Over the last few years, Katherine and the surrounding region has had its fair share of heartbreak.
With suicide touching the lives of so many members of the community, something that might usually be grieved in private brought people together for an event aptly named Healing Lights, Flowing Rivers on Thursday evening.
At Katherine's Low Level Nature Reserve, people young and old took part in a smoking ceremony and made lanterns for those they had lost, sending them floating down the river.
People travelled from communities across the region, with Jawoyn women from the Banatjarl Strongbala Wumin Grup coming to offer support and wisdom.
Senior Australian of the year Dr Miriam-Rose Ungunmerr-Baumann also travelled from her home community of Nauiyu to speak at the event.
"Life is very hard for many of my people," she told the crowd.
"People often absorb the bad things and not the good."
She told the story of a her nephew who had died by suicide, among many other young Aboriginal people.
"We lost seven that year, and one of them was my nephew," she said.
"It was the first time that it happened in Nauyiu and I said 'this has to stop'.
"We've got to walk with our kids and tell them that we're there."
Dr Ungunmerr-Baumann said it was time for the rest of Australia to listen to the needs of Aboriginal people and treat them with respect.
"We are river people, we cannot hurry the river," she said.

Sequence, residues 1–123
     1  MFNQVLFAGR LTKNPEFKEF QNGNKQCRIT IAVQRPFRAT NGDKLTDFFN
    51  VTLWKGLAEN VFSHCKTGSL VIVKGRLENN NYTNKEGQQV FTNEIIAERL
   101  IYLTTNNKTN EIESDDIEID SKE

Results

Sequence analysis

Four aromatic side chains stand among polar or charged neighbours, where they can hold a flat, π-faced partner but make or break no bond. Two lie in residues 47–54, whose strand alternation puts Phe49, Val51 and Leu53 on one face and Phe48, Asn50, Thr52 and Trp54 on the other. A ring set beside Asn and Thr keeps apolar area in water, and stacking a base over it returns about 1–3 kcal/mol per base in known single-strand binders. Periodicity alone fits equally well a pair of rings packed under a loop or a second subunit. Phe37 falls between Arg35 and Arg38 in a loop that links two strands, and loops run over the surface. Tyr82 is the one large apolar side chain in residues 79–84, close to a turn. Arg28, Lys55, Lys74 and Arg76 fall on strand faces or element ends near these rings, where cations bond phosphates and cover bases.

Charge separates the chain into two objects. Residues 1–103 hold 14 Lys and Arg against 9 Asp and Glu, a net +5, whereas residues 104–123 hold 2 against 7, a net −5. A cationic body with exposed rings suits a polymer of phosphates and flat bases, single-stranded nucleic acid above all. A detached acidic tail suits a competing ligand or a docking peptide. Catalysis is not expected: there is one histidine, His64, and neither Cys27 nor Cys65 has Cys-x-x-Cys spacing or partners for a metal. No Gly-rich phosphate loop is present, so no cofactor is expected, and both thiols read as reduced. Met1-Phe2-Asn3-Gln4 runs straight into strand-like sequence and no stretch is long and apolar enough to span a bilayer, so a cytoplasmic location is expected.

"We hope that the people of Australia will wait. Not so much waiting for us to catch up, but waiting for us as we find our way in the world.
"We keep on longing for the things we've always hoped for - respect and understanding."
Youth Engagement Worker for TeamHealth Katherine, and one of the organisers of the event Deidre Lechleitner said they wanted to do something different from the traditional R U OK? Day events.
"We've never really done an event where we've brought everyone together from all demographics and backgrounds," she said.
"We hope it will be an annual event, the start of something."
She said the event aimed to provide a space for the community to support each other through their grief.
"We all go through a lot in this little town," she said.
"We take on that suffering and those challenges ourselves in silence, and it's hurtful.
"This is a chance to sit down, remember the ones we've lost and just enjoy each other's company."
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